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Opinion | The Sad Lesson From California



After more than a decade of contentious debate, New York has passed a law that entitles farmworkers to basic rights that most workers take for granted — the right to earn overtime, have a day off, collect unemployment insurance and join a union. The law corrects injustices that date back to the exclusion of farmworkers and domestics from the National Labor Relations Act, in an effort to win Southern votes by exempting the largely black work forces.

Yet this victory may prove to be largely symbolic. That is the sad lesson from California, which has had on the books for more than 40 years a farmworker statute hailed as the most pro-labor law in the country. The Agricultural Labor Relations Act of 1975 grants farmworkers the right to unionize, sets up procedures for speedy elections, allows union organizers access to growers’ fields and provides remedies for workers who are unjustly fired or penalized, including back pay.

But today, the board that administers the law is virtually moribund; it has not met in public since January. For most of the year it has lacked a quorum. And nobody seems to notice. Certainly not farmworkers, an overwhelmingly undocumented work force whose wages and conditions are for the most part arguably no better than decades ago.

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The New York law, which Gov. Andrew Cuomo has endorsed, is a milestone, not to be minimized. But to deliver on the law’s promise will require effective grass-roots organizing in the fields.

That was the strength behind the California law, which in its early years became a vehicle to educate and enrich a generation of farmworkers who learned the power of organized labor. It was adopted at the height of the United Farm Workers’ movement, after years of strikes, boycotts and civil disobedience created sufficient pressure that the newly elected governor, Jerry Brown, could broker a deal. In elections in the first months after the law took effect, almost 50,000 farmworkers voted, many for the first time in their lives.

Yet within a decade, the union activity in the fields all but disappeared, resurfacing sporadically but never as a significant force.

“Most workers living in this economy in agriculture don’t even know about our law,” William Gould, the chair of the California Agricultural Labor Relations Board, told a crowd gathered in 2015 to mark the 40th anniversary of the law. “Don’t have the slightest clue about what the board is and what the content of the statute is and what the remedies are that we can bring to bear for violations.”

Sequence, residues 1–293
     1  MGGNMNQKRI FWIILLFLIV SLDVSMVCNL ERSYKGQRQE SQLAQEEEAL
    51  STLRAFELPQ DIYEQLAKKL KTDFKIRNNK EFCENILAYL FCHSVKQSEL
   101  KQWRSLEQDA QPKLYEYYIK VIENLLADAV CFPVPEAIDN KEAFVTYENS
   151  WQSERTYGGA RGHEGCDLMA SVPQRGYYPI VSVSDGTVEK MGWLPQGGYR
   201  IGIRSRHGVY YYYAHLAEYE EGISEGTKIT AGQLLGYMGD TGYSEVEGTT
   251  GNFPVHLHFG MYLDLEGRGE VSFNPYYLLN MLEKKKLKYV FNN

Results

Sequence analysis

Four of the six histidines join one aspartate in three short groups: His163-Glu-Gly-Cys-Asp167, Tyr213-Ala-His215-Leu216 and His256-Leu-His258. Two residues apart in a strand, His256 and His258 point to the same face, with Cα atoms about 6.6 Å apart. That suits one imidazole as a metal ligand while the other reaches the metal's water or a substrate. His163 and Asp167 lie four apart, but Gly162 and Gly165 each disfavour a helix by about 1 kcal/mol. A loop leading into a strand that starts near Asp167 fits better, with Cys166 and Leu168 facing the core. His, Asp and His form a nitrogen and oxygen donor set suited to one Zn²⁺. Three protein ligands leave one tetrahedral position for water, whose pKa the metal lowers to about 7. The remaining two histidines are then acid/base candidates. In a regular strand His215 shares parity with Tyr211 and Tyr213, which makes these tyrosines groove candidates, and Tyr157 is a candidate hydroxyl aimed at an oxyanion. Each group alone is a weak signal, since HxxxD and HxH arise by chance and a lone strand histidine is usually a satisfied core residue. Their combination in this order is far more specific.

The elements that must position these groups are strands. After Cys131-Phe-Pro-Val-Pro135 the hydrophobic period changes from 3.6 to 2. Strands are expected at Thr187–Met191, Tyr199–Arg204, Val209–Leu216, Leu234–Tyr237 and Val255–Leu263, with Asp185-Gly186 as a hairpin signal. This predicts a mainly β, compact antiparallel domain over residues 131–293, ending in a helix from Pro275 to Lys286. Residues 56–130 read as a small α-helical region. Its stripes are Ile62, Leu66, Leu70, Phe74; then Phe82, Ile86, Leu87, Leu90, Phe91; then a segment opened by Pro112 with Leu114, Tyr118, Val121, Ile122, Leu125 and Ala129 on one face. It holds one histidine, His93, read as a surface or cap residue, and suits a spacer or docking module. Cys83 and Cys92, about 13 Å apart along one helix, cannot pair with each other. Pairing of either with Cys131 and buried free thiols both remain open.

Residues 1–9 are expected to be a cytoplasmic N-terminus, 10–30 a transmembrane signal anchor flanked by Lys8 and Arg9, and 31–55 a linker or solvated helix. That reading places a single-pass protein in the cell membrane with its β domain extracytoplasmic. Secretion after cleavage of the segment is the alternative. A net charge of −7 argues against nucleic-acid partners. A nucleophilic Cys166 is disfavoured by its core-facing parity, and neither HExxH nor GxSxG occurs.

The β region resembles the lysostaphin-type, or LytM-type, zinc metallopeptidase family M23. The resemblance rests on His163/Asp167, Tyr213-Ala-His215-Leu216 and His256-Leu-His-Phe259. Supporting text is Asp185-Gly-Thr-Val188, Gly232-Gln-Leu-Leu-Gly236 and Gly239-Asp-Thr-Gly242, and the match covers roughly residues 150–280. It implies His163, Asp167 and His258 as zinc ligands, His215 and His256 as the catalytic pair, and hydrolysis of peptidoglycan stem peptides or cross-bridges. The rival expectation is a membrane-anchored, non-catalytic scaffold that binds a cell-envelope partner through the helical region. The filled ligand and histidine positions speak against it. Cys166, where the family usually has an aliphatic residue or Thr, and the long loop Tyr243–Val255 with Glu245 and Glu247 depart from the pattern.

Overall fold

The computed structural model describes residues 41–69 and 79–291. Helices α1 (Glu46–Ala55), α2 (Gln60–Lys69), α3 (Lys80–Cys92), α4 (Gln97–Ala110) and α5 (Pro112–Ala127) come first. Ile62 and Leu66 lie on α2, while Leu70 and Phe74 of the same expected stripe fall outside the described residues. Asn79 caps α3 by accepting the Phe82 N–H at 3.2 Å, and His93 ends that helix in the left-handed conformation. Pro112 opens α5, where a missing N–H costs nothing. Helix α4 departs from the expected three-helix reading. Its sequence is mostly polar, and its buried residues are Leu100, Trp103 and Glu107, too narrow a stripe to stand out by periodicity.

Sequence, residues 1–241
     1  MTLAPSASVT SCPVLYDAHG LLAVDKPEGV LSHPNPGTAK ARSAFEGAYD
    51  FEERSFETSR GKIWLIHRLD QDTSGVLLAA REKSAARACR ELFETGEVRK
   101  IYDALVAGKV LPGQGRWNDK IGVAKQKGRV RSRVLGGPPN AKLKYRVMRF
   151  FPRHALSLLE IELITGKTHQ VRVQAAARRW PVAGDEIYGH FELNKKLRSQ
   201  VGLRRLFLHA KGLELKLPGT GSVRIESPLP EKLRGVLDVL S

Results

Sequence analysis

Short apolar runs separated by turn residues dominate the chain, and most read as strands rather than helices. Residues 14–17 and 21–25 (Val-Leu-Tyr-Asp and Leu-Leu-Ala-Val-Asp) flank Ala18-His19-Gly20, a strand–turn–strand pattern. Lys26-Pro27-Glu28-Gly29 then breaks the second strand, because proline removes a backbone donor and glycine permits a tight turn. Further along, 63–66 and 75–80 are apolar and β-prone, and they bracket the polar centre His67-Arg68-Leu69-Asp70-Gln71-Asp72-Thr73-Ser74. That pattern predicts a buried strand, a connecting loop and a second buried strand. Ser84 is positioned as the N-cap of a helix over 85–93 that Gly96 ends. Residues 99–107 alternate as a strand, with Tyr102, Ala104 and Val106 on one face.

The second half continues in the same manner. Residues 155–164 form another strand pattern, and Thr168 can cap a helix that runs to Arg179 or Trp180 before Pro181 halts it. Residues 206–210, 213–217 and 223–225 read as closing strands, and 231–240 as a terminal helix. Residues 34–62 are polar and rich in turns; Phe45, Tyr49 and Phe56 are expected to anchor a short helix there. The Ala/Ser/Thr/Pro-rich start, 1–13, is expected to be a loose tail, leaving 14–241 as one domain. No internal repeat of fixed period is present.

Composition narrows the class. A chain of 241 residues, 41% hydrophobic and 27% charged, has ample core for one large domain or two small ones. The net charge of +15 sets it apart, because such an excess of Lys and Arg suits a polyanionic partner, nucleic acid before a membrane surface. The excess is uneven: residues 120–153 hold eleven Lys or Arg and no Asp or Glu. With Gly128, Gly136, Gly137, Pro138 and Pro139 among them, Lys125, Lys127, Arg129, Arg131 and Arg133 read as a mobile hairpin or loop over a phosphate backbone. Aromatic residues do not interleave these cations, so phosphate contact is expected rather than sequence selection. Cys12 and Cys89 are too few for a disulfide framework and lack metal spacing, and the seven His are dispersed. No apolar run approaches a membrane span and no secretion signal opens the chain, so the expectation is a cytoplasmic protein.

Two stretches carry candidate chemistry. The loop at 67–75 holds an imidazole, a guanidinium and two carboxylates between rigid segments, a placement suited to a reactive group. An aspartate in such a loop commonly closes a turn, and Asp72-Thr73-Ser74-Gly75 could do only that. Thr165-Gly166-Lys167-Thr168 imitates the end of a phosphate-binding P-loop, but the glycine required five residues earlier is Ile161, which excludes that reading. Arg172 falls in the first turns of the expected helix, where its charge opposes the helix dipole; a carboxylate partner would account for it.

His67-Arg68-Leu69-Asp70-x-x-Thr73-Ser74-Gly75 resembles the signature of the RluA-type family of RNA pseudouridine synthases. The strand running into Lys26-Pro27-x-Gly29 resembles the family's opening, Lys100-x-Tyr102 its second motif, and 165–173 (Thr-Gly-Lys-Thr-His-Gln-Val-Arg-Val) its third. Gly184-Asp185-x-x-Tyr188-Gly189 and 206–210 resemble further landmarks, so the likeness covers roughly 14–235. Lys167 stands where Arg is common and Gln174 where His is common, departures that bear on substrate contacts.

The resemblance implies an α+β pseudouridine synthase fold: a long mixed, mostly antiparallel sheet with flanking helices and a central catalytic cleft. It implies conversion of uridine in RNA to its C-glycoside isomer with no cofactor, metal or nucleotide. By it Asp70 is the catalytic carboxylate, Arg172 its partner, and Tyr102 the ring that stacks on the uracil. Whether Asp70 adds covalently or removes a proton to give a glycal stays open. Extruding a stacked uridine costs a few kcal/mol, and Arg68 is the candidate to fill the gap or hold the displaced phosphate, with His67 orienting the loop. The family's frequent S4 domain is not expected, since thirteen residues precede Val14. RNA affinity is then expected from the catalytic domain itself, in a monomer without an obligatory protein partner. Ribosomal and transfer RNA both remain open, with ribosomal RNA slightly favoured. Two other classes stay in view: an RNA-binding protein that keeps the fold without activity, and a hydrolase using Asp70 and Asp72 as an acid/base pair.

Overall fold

The awkward anniversary celebration was more melancholy than festive. The union that had once represented the best hope for farmworkers had long ago stopped organizing. The governor who had used all his political capital to negotiate the landmark law was governor again. But this time no amount of political pressure could change the dismal reality in the fields.

Mr. Gould, an eminent labor lawyer who once chaired the National Labor Relations Board, spoke of farmworkers sleeping in their cars, and warned that the lack of activity in no way suggested rosy conditions. The governor agreed. “The toil and the suffering and the injustice that gave rise to the law exist every day in this state,” Mr. Brown said. “We are still at a very serious point where the people who pick our food, are they getting the dignity and the compensation and the quality of life worthy of their contribution to what we’re all enjoying? And I have to say the answer is pretty clearly no.”

The most optimistic sentiment he could muster about the law that once seemed destined to be a major part of his legacy was to note its unique nature, adding, “It’s there as a reality and an ever-present promise of things to come.”

In his resignation letter two years later, Mr. Gould called the law “irrelevant to farmworkers,” noting that 99 percent were not unionized and only one election petition had come before the board during his three-year tenure.

That was before the current crippling fear took hold of a largely undocumented work force. The vast majority are at the mercy of labor contractors, middle men whose exploitation was a major impetus for the union Cesar Chavez created. How many farmworkers in this situation will protest if they are cheated out of pay, fired for raising safety concerns or switched midweek to a different farm to circumvent the overtime laws?

The strongest model for farmworkers today is in Florida, where the Coalition of Immokalee Workers has achieved major gains — not through state law but through years of patient, creative organizing that produced a framework to improve wages and working conditions, with effective enforcement. The organization is led by workers, with broad-based support, using many of the techniques pioneered by the United Farm Workers in its heyday.

Jerry Cohen, who helped devise the California law as counsel for the U.F.W., knew better than most the strength of what he called the best labor law in America. He also knew its weakness. “The law is only a tool,” Mr. Cohen often said.

Let’s hope New Yorkers find a way to use it more effectively than Californians.

Miriam Pawel is the author of “The Browns of California: The Family Dynasty That Transformed a State and Shaped a Nation” and a contributing opinion writer.

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